(d) Extensive growth of Hypericum perforatum or kalmath weed was checked in USA by the introduction of Chrysolina beetles.

(e) Water hyacinth has been successfully controlled in Florida using the indigenous fungus Cercospora rodmanii.

6. Bioinsecticides : These are non persistent, non toxic and biodegradable. They include

(a) Pathogens, parasite and predators :

A well known example of biological control of an insect pest is the destruction of large populations of aphids (a pest on crucifers) by an insect called lady bug or praying mantis which feeds on the aphids.

The hoover fly larvae (Syrphid larvae) are very effective in keeping the aphids (plant bugs) under check as they feed on the aphids only. Dragon flies are useful to get rid of aphids and mosquitoes.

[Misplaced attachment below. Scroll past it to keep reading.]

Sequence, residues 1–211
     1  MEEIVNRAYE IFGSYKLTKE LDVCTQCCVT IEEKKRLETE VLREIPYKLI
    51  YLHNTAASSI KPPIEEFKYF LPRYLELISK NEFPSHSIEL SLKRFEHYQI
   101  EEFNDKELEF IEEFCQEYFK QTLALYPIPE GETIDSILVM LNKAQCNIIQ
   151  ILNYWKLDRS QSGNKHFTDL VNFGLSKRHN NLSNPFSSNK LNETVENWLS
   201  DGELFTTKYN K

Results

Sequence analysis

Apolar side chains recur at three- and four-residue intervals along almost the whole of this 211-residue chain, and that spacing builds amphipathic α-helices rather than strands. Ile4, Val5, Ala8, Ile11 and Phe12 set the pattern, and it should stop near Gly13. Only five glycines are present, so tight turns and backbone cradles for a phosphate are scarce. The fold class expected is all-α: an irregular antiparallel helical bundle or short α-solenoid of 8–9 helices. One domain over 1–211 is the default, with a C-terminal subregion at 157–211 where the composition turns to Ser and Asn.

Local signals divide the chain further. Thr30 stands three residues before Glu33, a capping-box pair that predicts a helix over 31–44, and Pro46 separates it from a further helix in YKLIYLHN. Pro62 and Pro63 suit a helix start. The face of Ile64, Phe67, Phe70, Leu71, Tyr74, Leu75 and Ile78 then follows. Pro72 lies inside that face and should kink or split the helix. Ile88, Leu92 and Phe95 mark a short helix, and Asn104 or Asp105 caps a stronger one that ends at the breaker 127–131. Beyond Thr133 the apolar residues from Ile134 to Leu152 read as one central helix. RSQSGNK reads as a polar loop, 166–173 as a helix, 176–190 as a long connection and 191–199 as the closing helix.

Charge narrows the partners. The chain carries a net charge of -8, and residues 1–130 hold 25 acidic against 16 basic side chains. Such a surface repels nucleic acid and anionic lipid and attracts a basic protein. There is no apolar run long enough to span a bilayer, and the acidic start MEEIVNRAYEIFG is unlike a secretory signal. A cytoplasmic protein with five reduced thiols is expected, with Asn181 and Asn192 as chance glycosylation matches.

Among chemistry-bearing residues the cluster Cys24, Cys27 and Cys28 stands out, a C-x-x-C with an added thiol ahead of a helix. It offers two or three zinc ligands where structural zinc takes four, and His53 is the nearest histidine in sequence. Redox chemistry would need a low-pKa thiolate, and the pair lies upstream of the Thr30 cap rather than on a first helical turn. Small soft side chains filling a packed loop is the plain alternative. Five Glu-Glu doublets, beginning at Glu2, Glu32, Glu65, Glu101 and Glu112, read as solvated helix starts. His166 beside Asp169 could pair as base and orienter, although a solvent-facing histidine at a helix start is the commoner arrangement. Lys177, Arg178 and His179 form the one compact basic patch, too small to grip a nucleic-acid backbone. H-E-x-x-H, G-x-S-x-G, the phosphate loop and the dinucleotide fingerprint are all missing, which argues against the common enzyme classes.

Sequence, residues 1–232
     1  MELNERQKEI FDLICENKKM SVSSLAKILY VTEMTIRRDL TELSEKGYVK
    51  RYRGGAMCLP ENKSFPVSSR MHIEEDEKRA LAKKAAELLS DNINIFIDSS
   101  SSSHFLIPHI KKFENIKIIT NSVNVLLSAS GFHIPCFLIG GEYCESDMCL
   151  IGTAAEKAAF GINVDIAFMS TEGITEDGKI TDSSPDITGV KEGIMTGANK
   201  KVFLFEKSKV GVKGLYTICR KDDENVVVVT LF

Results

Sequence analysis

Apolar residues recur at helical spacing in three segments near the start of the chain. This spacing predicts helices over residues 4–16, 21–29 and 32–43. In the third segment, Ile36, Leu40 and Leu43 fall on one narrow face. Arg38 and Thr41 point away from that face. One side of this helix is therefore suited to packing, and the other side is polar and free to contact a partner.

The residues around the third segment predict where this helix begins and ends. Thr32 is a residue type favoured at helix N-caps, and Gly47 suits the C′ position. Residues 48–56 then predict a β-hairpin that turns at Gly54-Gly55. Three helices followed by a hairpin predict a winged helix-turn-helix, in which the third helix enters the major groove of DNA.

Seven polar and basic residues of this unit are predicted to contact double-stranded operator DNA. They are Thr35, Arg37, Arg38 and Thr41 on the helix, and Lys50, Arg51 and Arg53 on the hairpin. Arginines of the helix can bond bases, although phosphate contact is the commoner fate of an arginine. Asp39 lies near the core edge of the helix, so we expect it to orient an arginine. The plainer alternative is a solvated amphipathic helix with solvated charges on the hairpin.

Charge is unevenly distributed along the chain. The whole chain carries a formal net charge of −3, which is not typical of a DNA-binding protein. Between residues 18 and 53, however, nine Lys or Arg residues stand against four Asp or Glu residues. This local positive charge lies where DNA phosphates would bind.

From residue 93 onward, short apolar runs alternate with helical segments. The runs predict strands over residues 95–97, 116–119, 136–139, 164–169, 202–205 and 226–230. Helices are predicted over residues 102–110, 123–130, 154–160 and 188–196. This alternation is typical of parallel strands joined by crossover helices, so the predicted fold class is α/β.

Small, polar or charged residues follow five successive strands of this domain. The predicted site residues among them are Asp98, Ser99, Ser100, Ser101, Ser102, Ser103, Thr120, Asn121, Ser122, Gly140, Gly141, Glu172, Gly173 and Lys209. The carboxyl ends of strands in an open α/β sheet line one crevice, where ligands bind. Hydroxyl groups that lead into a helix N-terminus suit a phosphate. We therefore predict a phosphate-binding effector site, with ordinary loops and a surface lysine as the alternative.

The mosquito larvae are easily controlled by rearing the larvicidal fish Gambusia (mosquito fish).

The sugarcane scale insects are controlled by the coccinellid predators (Cailochorus negriti and Pharoscymnus homi), the fluted scale insect (lcerya purchasi), a common pest on Citrus trees by the lady bird beetles (Rodolia cardinalis) and Nephantis serinopa, is a dangerous pest on coconut palms, by Perisierola nephanticdis and Trichospilus pupivora.

Baculoviruses are pathogens that attack insects and other arthopods. NPV (Nuclearpolyhedrovirus) based insecticide has been found to eliminate bollworms which cause extensive damage to cotton. These are species specific and narrow spectrum.

Trichoderma species are effective biocontrol agents of several plant pathogens. Trichoderma species are free-living fungi that are very common in the root ecosystems.

(b) Sterilisation strategy : Screw worm (Cochliomyia hominivorax) was eradicated by releasing sterile males.